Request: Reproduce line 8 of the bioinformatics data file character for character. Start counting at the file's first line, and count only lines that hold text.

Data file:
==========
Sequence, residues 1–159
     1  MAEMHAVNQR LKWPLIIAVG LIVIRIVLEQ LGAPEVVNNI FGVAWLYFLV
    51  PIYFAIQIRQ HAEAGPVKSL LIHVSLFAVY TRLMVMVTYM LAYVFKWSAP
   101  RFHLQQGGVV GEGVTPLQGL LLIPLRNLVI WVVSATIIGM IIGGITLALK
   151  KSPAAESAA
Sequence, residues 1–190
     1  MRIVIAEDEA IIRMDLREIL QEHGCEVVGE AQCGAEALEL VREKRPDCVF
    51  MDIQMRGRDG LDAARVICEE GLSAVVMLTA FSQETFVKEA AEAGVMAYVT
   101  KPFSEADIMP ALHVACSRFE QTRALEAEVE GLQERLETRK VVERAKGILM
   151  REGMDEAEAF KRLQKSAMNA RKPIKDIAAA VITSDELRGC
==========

    51  MDIQMRGRDG LDAARVICEE GLSAVVMLTA FSQETFVKEA AEAGVMAYVT